Hope Star from Hope, Arkansas on January 19, 1932 · Page 2
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Hope Star from Hope, Arkansas · Page 2

Hope, Arkansas
Issue Date:
Tuesday, January 19, 1932
Page 2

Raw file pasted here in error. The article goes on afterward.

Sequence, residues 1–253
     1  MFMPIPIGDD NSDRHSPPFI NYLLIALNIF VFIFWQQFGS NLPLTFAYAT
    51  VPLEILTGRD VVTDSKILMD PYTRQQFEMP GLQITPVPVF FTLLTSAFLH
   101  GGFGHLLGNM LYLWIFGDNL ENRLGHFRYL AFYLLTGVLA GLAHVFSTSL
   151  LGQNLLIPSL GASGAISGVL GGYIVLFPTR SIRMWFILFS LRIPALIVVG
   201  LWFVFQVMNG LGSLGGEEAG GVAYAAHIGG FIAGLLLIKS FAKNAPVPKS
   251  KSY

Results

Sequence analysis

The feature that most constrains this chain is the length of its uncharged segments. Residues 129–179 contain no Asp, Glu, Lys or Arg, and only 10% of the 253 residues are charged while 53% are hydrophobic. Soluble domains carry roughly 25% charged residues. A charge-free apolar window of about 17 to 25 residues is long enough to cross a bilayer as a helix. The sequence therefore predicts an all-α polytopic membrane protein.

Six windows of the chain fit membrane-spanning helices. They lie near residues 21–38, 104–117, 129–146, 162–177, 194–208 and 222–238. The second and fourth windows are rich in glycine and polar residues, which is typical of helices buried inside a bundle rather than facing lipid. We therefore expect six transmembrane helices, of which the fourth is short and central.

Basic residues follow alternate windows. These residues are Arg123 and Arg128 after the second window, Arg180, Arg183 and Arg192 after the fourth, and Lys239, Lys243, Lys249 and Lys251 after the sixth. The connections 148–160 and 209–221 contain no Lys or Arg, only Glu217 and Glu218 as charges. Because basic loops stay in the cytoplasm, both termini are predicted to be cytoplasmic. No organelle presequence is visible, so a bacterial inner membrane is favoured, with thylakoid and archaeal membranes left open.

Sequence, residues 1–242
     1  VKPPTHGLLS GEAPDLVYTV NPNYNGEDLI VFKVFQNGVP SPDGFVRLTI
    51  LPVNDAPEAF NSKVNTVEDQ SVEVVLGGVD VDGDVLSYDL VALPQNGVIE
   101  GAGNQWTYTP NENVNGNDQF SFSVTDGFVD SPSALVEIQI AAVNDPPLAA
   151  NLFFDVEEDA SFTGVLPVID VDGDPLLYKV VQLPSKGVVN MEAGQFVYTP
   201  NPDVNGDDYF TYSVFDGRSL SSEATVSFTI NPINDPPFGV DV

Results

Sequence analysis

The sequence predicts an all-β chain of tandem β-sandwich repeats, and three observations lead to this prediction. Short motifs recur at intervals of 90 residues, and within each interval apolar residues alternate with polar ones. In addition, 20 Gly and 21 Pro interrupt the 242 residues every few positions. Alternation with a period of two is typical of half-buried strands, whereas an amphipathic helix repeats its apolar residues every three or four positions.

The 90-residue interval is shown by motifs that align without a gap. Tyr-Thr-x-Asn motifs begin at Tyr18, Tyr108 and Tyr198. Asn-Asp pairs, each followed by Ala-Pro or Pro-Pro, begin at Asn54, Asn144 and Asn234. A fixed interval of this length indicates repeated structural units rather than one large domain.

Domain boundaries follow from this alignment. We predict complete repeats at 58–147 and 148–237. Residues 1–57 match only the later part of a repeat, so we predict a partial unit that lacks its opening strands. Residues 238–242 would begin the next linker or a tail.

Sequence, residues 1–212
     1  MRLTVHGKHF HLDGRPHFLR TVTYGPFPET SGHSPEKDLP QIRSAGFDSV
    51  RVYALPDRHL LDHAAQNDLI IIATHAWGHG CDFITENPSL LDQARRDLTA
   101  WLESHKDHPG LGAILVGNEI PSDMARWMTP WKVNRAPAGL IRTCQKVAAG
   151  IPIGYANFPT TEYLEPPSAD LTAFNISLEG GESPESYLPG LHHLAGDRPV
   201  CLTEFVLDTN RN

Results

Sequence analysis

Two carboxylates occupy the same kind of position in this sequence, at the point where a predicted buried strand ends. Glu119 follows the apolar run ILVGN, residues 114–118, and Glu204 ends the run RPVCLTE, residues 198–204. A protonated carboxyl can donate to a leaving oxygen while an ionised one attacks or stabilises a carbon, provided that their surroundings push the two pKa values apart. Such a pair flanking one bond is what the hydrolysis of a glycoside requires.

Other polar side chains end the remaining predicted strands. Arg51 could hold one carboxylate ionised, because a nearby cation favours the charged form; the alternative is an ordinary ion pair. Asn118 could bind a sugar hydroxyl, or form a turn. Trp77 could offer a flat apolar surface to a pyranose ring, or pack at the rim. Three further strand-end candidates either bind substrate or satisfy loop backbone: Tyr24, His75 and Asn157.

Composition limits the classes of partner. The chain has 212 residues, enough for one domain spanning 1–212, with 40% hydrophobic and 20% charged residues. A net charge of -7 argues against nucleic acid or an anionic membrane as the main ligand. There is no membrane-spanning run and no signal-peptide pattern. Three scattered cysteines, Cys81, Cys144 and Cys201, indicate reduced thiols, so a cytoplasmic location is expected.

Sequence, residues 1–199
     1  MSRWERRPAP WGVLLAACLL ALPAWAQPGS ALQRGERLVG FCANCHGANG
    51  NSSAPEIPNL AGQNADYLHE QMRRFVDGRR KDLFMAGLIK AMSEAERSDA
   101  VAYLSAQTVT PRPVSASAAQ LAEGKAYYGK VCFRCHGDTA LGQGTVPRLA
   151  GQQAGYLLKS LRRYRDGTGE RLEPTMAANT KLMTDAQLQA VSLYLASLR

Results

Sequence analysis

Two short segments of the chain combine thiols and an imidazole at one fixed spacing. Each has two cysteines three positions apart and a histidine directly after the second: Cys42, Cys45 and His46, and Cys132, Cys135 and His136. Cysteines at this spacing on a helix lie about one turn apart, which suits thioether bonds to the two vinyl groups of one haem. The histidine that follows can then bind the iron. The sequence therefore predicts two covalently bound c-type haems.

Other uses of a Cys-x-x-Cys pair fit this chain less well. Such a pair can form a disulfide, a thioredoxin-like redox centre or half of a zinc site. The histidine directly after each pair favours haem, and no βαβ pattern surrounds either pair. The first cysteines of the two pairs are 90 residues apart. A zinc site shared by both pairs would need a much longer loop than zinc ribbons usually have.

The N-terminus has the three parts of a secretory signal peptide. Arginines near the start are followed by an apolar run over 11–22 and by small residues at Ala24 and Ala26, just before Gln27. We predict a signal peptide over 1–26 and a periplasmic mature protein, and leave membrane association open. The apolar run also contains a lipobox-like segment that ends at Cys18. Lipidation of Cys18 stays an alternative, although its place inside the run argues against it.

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s-wn*'- \ i-.. • ;• "*,'•*.J ,i*'-' •: • \ I / X * '"• MiiiRMft1P4N^ eb tfsveld|>ed by modem civilisation to S**e* "^ tofifctry, thwiugh widely cin&k UMB govtfnlBenl Which WWHWiM.'of the municipal iKHMt plant to develop f ft 1M 4»trtprb«*d twilttf condtttofu tn procidJtto /on wad each yew, to b«H«»iH|f thtti co-operative effort tnf STATE ^h efttetent t(fl*etnWei»t 4,- ?( We ore Mm* Wit pretty prwHif, jHjW •tfttft IB long It '«p;iB8t ( but hbj* he Will eontlnur,w£ » while. Best latter'Snd family werft the of Mrs. LMe Carlton and fam* t: •. Washington's Picture* "" i 4 ^^^M*..-^—*—*»-*•• Y it is too bad that New York's Metropolitan :<rf ..Art had to cast aspersions on the famous Geoifge Washington crossing the Delaware within if the-200th anniversary of Wasihngton's birth. Efc^the picture was artistically defective, it is *" the moat -widely known paintings in North " J lsfae# for years to come, whether art critics Mtft.V . that, by a somewhat round-about route, leads one to * i camera, especially the movie camera, could have iivented a couple of centuries earlier than was really painting, like many'others, owes its existence to se desire to have history illustrated- It isn't enough -sabout things; we want to see, we want to know ex- iow things look at the moment they were 1 happening. i&^"ii*.,i tyashingtbn's dramatic thrust at Trenton is ncturesof it, even-a poor .picture, is better, i'paintings, and grow fond of them, even ^t they are badipaintings, ; wouldn't we give for a |ew,p,hptogra 1* MU..V.C. 'Miss Jean Ghofmley spent Snturtny I night with flutter Ghormley and fartu «>. A. BUtftrd was the. guest of his daughter, Mrs. Ojtel CAHton Sunday afternoon/ " M. M. Mitchell »nd family Wete the guests of R. L. Puttie And family Sunday. . ' Buster Ohemiley a«d family spent Sunday night with Bess Butler and family, Mis* Ruth a«d Blanche Puttie were the guests of Eddie Carlton and wife Sunday night. Miss Clara Parris spent the week end at Rosston this week, E. M.'Woosley moved to Laneburg last Wednesday. Ray Ghdnmley wo*ed where Mr. Woosley used to live. We failed to have church Sunday on account of bad roads. Roy Carlton and wife spent Thursday night with Eddie Carlton and family. ' Olen Calhoun moved on Archie Calhound's place last week. We are expecting Bro. Erwln to prench for us the fifth sunday in this month. Corinth Ah expert says while long skirts may not end the. depression, wool socks would help. Probably help a lot of people who have, cold feet. And as for long 'skirts, half the world couldn't tell if the other had a leg to stand on. A professor hays brains, not brawn, have made farmers successful. 'After the success of last year, farmers Nwill be glad to go back to brawn. Prosperity note: A hew orgajiiza- tion is being formed to succeed! the Ku Klux Klan. Frock makers, break ojut your tape measures for 15,000,000 Now that Premier Laval has resigned, if he isn't careful some American will sign him up for a vaudeville tour. Texas Guinan has left Chicago and gone back to Broadway. Apparently discovered that as suckers, the i mid- westerners wouldn't bite. DeAnn In this The health is Verv good community at present. Willis Pool and family has mdved from our community to Holly Grove, they will be missed quite a lot , There is just four more weeks of the school at DeAnn. We sure had a heavy rain Friday night the bottoms are all overflowed people can't get any place on ac- L. H. Boyett of Stamps, Ark., made a business trip to DeAnn Monday. Mrs. Jessie Samuels is at the bedside of her father, Jim Cummings who is very low at this time. The Beard's chapel basketball team came over Friday afternoon "and played the DeAnn team. The score was 13 to 33 in favor of DeAnn. Rev. T. L. Epton is the pastor of the Baptist church at 'White Ooak and DeAnn. • Miss Lois Lloyd spent the week-end at home. Barney Cato spent tho week with John Lloyd and returned homo Sunday. eHalth is very good In this com- I munit yat this writing. Will Christman was visiting his brother, near Bodcaw, Sunday. Mrs. Minnie Easterling and family, Mr. and Mrs. George Harrison and Mrs. Ellar, visited Mr. and Mrs. Jesse Easterling Sunday. Mr. and Mrs. Kenny Easterling spent Saturday night with her mother, Mrs. Hamilton. Mr. and Mrs. Clayton Easterling spent Sunday with his daughter, Ms. Cara Sipp. . Miss Sallie and Lillian Easterling spent Sunday with Miss Mertis Martin. Jim Easterling spent Sunday with his mother, Mrs. Easterling. Mrs. Esta Scroggln is on the sick list. We are very glad to have Mr. and Mrs. Kenny Easterling move In our community. Some. feW nre plartting gardens, but can't do much as it is so wet. Miss Lillian and Sallie. Easterling and Miss Mortis Martin spent a while »etloB ofthe Demwrtilc tittt Atiguat », M»t Sunday afternoon Christman. with Mrs. Mattie Bill Hargrove, hurler who will try. out with the Philadelphia Nationals next spring, formerly was mayor of his home town", Wheatland, Mo. More than $1,000,000 worth of jute bags are used annually in Porto. Rice principally in the sugar industry. t plenty of paintings, but'they dorfifquite make him " "" contain too mudh'of the painter; they look Jon't quite come alive. If only some news- ^Spiograp'her could have caught him, say, when he was Ittang withXafayette, or when he was at ease in some inn, when he was leading his troops into action! 3 'V' „ * r Pf'Ajotfithe nfewsreels would-be priceless. If we had just a •-**•«> -•"•• ** feet^of blurry film, showing the ragged Con"• river bank above Trenton, this painting jnever haV6-hid*to*come into existence. Half a reel of y"Forge Would be worth all the Revolution paintings in £worid. 'Histbly would be living stuff, in that case. t. ";35\jt we have none of^ these; so, in. spite of the Metropoli- fe'Well continue to-be fond of this heavily criticized paint- ?ay« For Hire? >U, the reader of this article, are now paying for a fire! JvThis i* a somewhat startling statement, inasmuch as .jjinajority of readers have not sustained fires on their own Foperty. Nevertheless, they are paying for one—whether it £the conflagration that destroyed a.great factory, or the ttte blaze that burned Jim Jones' cottage. Every fire means a loss to the community—and to every ' of the community. Fire insurance premiums on all •J P a y all insured fire losses, and premium cost rises sin proportion to fire losses. In addition, we pay for all if- A ppe5J09se8, in higher taxes caused by the destruction of tax- Y /'febfe property, by loss of business, unemployment and in sim- r * ijar ways- This fire-bill we are paying comes to about half- a-billion dollars a year in direct loss. The indirect loss is said to be several times as much. ., ' Purfpg the year just closed, $6,811,030 has been rung ,',', an on tne Arkansas cash register to be paid by all the people " as the result of 1,766 fires that burned durfeg the year,, ot Which fully 80 per cent were preventable, Every time we read of a fire, we should realize that it Y if going tp cost us something, individually. It won't be much —but & lot of fire,s makes an impressive total. Perhaps this thought may make us recognize the duty the individual owes *" Mielf. his family and his community to do everything in power to prevent fires.—Hot Springs New Era, Fwt Freif ht Train* U of the ways in which the railroads plan to hit back a the motor trueks which have taken so much businesi from them was cited recently in Detroit by Julien L ^anj .traffic vice president of the Pennsylvania railroad declared that much speedier freight train schedules arf being worked out. "freight trains," remarked Mr- Eysmans, "can be mad on juat as fast schedules as passenger trains, if »uf a&rsetive indijeejnents to do so arise." His taipUfi&tion is that the job is going to be done; and _T^M_ iR. a;n eminently sensible way of meeting th WJBm ,,»have taken business from the railroads be r, in many instances, they can move the freight from to eonsijsfnee more rapidly, By matching their speed wtfpl overcome the trucks' greatest advantage army has ordered from British manu fUcty airplanes Capable of operating a 8 of from WOO to 8 . 0 ' 000 feet - Certain teen years ago, involving scraps of paper t» jbt her trust to 'impregnable fort- »o4 concrete. r BY KAY CLEAVER I STRAHAN © 1931, by Doubleday, Ooran and Cot BBOIN HERE TOD AT ANN and CECIL* FENW1CK hava for jrcari aapparled tkemiwl- >«», tkelr younger < •liter,: »IAR¥- FRAKTCES. and their grandparent*, known «• "R O S,A L I E" nnd "GRAND." Becniue.of thlaUnanr elal re«pon»lbllltjr. Ann, «fho !• 28. U unable to marry PHIl, EC- HOYD, yonnc lawyer to vraomuhe, hn» been engaged for eight year*. Cecily. 22, love. BARRY McKEEL, an engineer, bat when he propo»e» •he tftutt* -to name their wedding date for the «nme reason. Mary-Francr*. 15. and "till In •GBool. ««rlk*» np on acquaintance with EARL DE3 ARMOUNT, vaudeville actor, and meet* him lecret- ly. lie trie* to pennade her to become hla Mage partner. Ann and Phil qnarrel when ihe •can LETTY KING, who work. In l'hll'» office building. addrcM him with endenrmeati. Ann trie* to forget Phil by going aronna with KENNETH SMITH. *rlCB and attentive, Cecily U dUlnrbed when, •he learn* Barry ha* left town without telling her about It. Mary-France* lend* a note/to De Armonnt to arrange a meet- Ing with him next day. MOW GO ON WITH THE STORl CHAPTER XXXVI '.4TS7ELL, but that isn't fair, Is it?" said Mary-Frances. "No, it's not. Only when paddy said he'd rent the ponies for us you were doing lots better than 1 was In algebra, and I guess be thought we'd help each other and all, 1 guess Daddy thought we'd eacb work for the other, Ufce true friends should. I guess be never even dreamed that you'd go and Sunk." "It wasn't my fault I flunked, was tt? We can swim, anyway." "No, w« can't," said Ermintrude. • 4< W«li, Why can't we?" "Paddy and Mother were up there yesterday tending to final arrangements and all, and they watched Chem empty the pool, and they say there is a foot, anyway, of stagnant water that won't empty out, and they won't let ro« swim for fear of infection, and they are going to advise against it to every body, and Mother says sbe won't be reappnslble for toe girls tbat do, and the tournament is out ot tbe question." "Well," accused Mary-Prances, "1 must say! That's nice, isn't it? It we can't ride and can't swim, wbat can we do?" "Nothing. Everything is ruined. Just ruined. Unless, maybe, you didn't flunk in algebra after all." Their sighs Joined and sank tn tbe sunshine. "I'll tell you one tblng I won't do," said Ermintrude. "I won't sit around and read poetry all tbe time. I won't do it, Mary-Franres And I won't let on to the other girls, like you said, about you and either. Suppose 1 did, and of the girls—Barbara Flatten for Instance, it would be Just e* 4Pf)y like her—should go and tel hey mirther, and Mra, FJu.,- would tell Mother, and it would ii com» bajjk on me?" "grmfntrudft" said Mary-Franco? wisely patient, "Is that very sensible? It would come back on me, wouldn't it?. It wouldn't come back on you, would it?" "Well, I Won't do it, anywa,y," declared Ermintrude. "I just have one of those strong psychic bunches of mine that I'd better not. You know how I am when I have one of those—" Mary-Frances said, "All right, darling," hurriedly. The fire bouse was just around the corner. "I always trust your psychte hunches, and you know I do. I expect, maybe, we can coax your mother Into letting us swim." "Nobody," said Ermintrude, from the depths ot sad experience, "can coax either my mother or my daddy Into anything." "They'll mellow, I expect," prophesied Mary-Frances, "Grand and Rosalie say that age mellows everybody like everything. They," boasted Mary-Frances, "can be coaxed Into anything. Ann and Cissy aren't so good. They're like your mother and daddy—they've got to mellow. I'll wait right here or you, darling." Ermintrude took tbe letter, writ- en on Rosalie's orchid notepaper, ooked at it for an Instant, put It o her nose. But, "I think you've got too much perfume on it," was ler only voiced objection. Sbe went. Mary-Frances waited. I thought you wore never coming back. Did you flnd him?" "Course I found him. He was ight in his room, and be opened the door when I knocked." "What'd he say when be saw you?" 'He just said, 'Hello,' kind of funny," "What'd you say?" "I said, 'Here.'" "Did you give him tbe letter?" "Yes. That's what t did when 1 sftid, 'Here.'" ••Wbat'd be say then?" "Nothing. He just looked funny and put It tn bis pocket." "Did you tell him that you brought it 'cause there wasn't time to mail It?" "No, I forgot. He'll know, any way. won't be, when be reads the letter?" "What'd you say he said after you said, 'Here'?" "Nothing. He just looked funny and put U in his pocket." "Which pocket, Ermintrude?" "His outside coat pocket." "Did be start, or pale, or tremble or Anything?" "No. . He just looked funny." Conceded, then, that he looked funny. Perhaps be felt funny, for bis reply to Mary-Frances 1 letter yai an amusing, almost bumorpufl Sweetie. Y'rf riecev«d. 99 how about tomorrow Tues. afternoon at 4 at the chop suey Joint upstares over Palmer's and Co. I will be waiting there for my sweeties. Y'ra, E. P. S. If you can not make it give me a buzz or drop me a line by male saying when and. where date would be convenient. X X X X X " The crosses, as anyone knows, stood for kisses pledged. But Hung Chin See's Chop Suey Parlor (Chinese and American Cooking. 35c Merchants' Lunch. Dinner COc), Vt our-o'clock on Tuesday afternoon, was no place for candid, straight- orward things like kisses. It was, atber.-a place for wit and fancy, finesse and artifice and Intrigue. Great colorful fly-specked lanterns were booked up on tbe ceiling, and wind bells, though broken, would hare tinkled had there been a stir•Ing of air In tbe deep stillness ot he dim soiled room that smelled ot •Id, old chop sueys and dear dead ihow mains, with such sauce, too. Tbo tablecloths were spotted,' and he dishes were chipped, and all the ;lorious Orient would have glowed, more than likely, If tbe lights bad ieen turned on;'and a sloe-eyed boy n coat and apron, which had once been white, stole around through all this glamorous glftnour and ilopped tea and scantily fulfilled heir meager wants. • * • r*ARL would have only green tea, " and that not strong. Earl was off bis feed: stumeek trouble, he said, which got worse on him if he didn't watch it. Which, anyway, was almost sure to get worse on lira until he could get to Mendel Springs and stay overnight, at least, and drink of its mineral waters. So Vlary-Frances, who did not care tor :ea, ordered nothing but a glass of milk and • slice of custard pie, and she finished tbem up quickly, and after that she ate nothing except small soup crackers from the smudged bowl on tbe table. But these sbe ate with such an air, picking each one daintily from the dish and poising it near her UPS for a moment or two before sbe popped It In, that it seemed almost as if she were smoking cigareta and not eating anything at all. Conversation bad lapsed. Earl reopened U. "Excuse me, Frankie, he said, "but you got kind of a mustache ot milk on your mouth." Mary-Frances blushed and applied a paper napkin. "You're pretty," be said. "Cripes! You're awful pretty. But aren't you afraid of getting fat, drinking milk and eating such heavy food between meals?" "Fat!" protested Mary-Frances. He qualified, "Well, plump—any ways," m not I'm away undsr weight, and my sister Aon and everybody worries about my be- tUf so^-well, slender. My constant fight—just fight, fight all the time to keep from being right down skinny." "Sure, 1 know. Just the same, you can't always tell. You got a swell little shape, and If I was you I wouldn't take chances with it." Mary-Frances swallowed a cracker and pouted. "I'd look a lot better If I weighed five or 10 pounds more, Everybody says so." ,. wyotJ look good enough for me •*• right now," Earl redeemed himself. "There ain't a girl on big time today as good-looking as you are—and that's saying a mouthful, Perfect ideal awn-jew^nay type. Ilka I've been telling you all along. Now, listen, hon: the trouble with you IB that in a way you're your own worst enemy—see? You don't loolj Into tbe future—see? What's it going to get you, sticking around in this one-horse burg? You don't have, any fun—you don't have anything, sticking around here—" "I know I don't," said Mary- Frances. The algebra examination marks had been given out that morning. Ermintrude, with a B—, bad been neither agreeable, not lomfortlng concerning Mary-Fran* ces' F. Ann and Cecily would fuss about It. It would be just like them to Insist on summer tutoring and an examination in the fall. The ;lrls' camp, by this time, was promising llttlo of real worth. "Just a drab, dreary, misunderstood lite," finished Mary-Frances. "You said It, hon. Now I'm telling you. Look at It from a broader point of view—see? The world's waiting for us, Frankle. • Waiting with open arms—see? ' Give the world something it wants, and there ain't anything tbe world won't do for you. I'm not stringing you along. Honest I'm not, hon. We could number our public from coast to coast, arid with any kind of break, on over to the European countries and all. I'm not saying you'd be so hot by yourself—see! Or that you could start out alone, with no experience nor nobody to . protect and steer you rigbt and make good. "I'm not saying that—see? I'm telling you that wltb the act this guy in Denver would fix up for you and I we could knock 'em cold. Cold! We'd have to start In a small way, maybe. Not the swell drops nor all that we'd get later—but look at tbe future. I'm telling you, Frankie, there's no limit to where a couple can go, once tbey got popularity. Thousands of dollars In radio auditions. Vltapbone acts. Testimonials—clgarets. mattresses, pills—everything. Look at Lindbergh, and what be turned down. Look at Rudy—" "Ovations?" questioned Mary- Frances. "I'll tell tbe world/' (to Ue Continued) OrrYOFHOPE^ (Democratic Primary Feb.!"" For City Clark FRED WEBB For Alderman Ward One L.C. (LEX) HELMS BENNfB BENtON Ward four CLYDE A. MONTS Woltef J. Smith; 22-year-old son of ormer Governor Alfred E. Smith; who was arrested In New York on a echnical charge of homicide after the auto he was driving struck and killed Harry Wallace, 53. Young Smith has >een released on $1,000 bail. For City Attorney PAT CASEY Former Congrcs.man Kentucky Pa»»e« Ai Rosston Rt. 3 Health is fairly good in this community, except colds. Mrs. Cora Wright of Rocky Mound, spent n few days with her sister Mrs. Anna May of Willisville. Paris Martin attended prayer meet- ng at Willisville Sunday night. E. E. Thompson made a business trip to Prescolt Friday. Mallis Martin was the guest of Miss Pauline'Waters Sunday afternoon. F. O. Marlor and family spent the day with S. L. Martin and family Sunday. Chaster Waters is having a new house built. W. M. Martin made a business trip to Waldo Friday. F: J. Woodruff atfd fahiily Of Willisville spent Saturday night with E. G. Wright of Rocky Mound. PIKEVILLE, Ky.—( Langley, 69, former represerttatIV congress from the tenth dl*tr!<! KKentucky, died at his home Sunday. He had been ill three with pneumonia. Langley was elected to cond times, once while his appeal on a victlon of conspiracy to violate^ notional prohibition laws was ing. His wife, Mrs. Katherine ley succeeded him in 1927 afte had served 11 months of a two; sentence in the Atlanta penitentii Langley entered the pentter January 19, 1926, and was parole cember 18, of the same year, j days later he was granted a full don by President Coolidge and izenship was restored. Laneburg R. B. McGough is on the sick list ot present. We hope for him a speedy recovery. Mr. and Mrs. Nat Woosley of Prescolt visited his parents, Mr. nnd Mrs. C. C. Woosley Sunday. Mr. and Mrs. J. T. Hazzard spent Sunday with Mr. and Mrs. Jird Ford. Lee Parris spent Thursday night with Robert Almond. Mr. and Mrs, Ralph Fore ot Prescott and Mrs. Rosa Bright called on Mr. and Mrs. George Fore Sunday evening. ' Several from this place attended court a Prescott last week. Mrs. C. C. Woosley's parents, Mr. and Mrs. Bill Martin visited them last week. Powell Hazzard attended singing at Mt. Moriah Sunday night. Washington Rt. 1 We are glad '•.•> see the clear blue sky and beautiful sunshine after so much rain. Bro. Scott delivered a splendid sermon Sunday afternoon at Holly Grove. Gilbert Clark and family from Boughton spent Sunday with Lige Beardon and family. Forrest Williams and his cousin, Kannie Murph'from West Virginia, is visoting relatives and friends here, A crowd of the young folks of this, community gathered at the home of Sam Atkins Sunday night for singing, all reported a nice time. We are glad to have Mr. and Mrs. Clovis Little move in our community. Mr. and Mrs. Eddie Sutton spent the week end with the latter's parents, Mr. and Mrs. Bempas of near Washington. Mrs. Hessie Bearden and Lettie Atkins visited Mrs. J. C. Atkins Wednesday of U\st week. Ruby Atkins spent Sunday with Norma and Dorothy. .Clark. Rocky Mound Mrs. Charlie Hairston who has been sick for the past few days is improving. Mrs. E. G. Wright, visited relatives at Willisville last week. The W. U. G. Society rendered a real interesting program Friday afternoon, after the program two ball games were played with Bodcaw's first and second teams. Rocky Mound winning over the firlt team and losing to the second. Mr. and Mrs. Norman Taylor attended the funeral of their uncle, Sid Taylor at Shover Springs Friday afternoon. Ivy Mitchell and wife, Mr. and Mrs. Clifford Messer were Sunday dinner guests of Mr. and Mrs. Alford Bearden. Misses Helen. Fincher and Gracie Lee Mitchell were Saturday night guests of Mr. and Mt'S. 8. M. Ha?zw4- Mr. and Mrs. Flftcher Woodruff of WilUsville were Sunday guests at the home of Mr. and Mrs. E. G. Wrisht. Rent It! Find It! Buy It! - Sell It! With HOPE STA! WANT JU The more you tell, The quicker you sell. 1 insertion, lOc per lin»| minimum 30c 3 insertions, 7c per Ita minimum 50c 6 insertions, 6c per llne,3| minimum $1.00 26 insertions, 5c per line,; minimum $4,00 (Average 5V4 words to the 1 NOT E—Want advertisement! cepted over tho telephone charged with the under that the bill is payable on tation of statement, the day of$ publication. Phone 768 v STRAYED — Brown Mare ^ weight TOO pounds, about 10 ye Gray spots on shoulder, last se Patmoa. Reward. Star Barbel! Hope, Ark. FOR RENT FOR RENT—Furnished a'par day phone 39, night phone 735. • FOR SALE OR TRADE-CO School Bus with contract, for. trade. Will accept in trade,! farming tools and feed ?tuff.| Newberry. FOR RENT—Rooms with phone 374W. Mrs. S. R. You South Pine. FOR RENT—Five-room unfu house. Close in. MiddlebrookS 1 eery. Phont 606 12* WANTED WANTED—To share my homej couple without children. Mrs. Davis. East Third street. 16»: FOR SALE FOR SALE—Nice Pure bred China pigs. 9 weeks old. Choler mune. If interested see L. C. merville or phone 815J any dajf cept aSturday. Ujj FOR SALE—Grand Piano We have a new Cable Grand piaj] the Episcopal church, loaned concert recently. Will sell at a : stantially reduced price on accou this slight use. Will take pit trade .and give terms. Write for 4 H. V. Beasley Music Company, arkana, Ark. 19-3tD FOR SALE-Who wants a piano like new? Now in this ity. We will sell it for the small } ance due and make tertns rather ' return it to stock. Write wir^ phone our expense quick before" send our truck after jt. Brook & Co., Texarkana, Arlf-Tex. 15-3 LOST LOST—Maltese cat with white sg on breast. Return to Harry Rauch , Cornelius apartments. gt] LOST-Swdsy night, between Nasji vill« and Hope, heavy black suj case, containing dishes and woman' clohes. Return to Hope Star. 18-ltp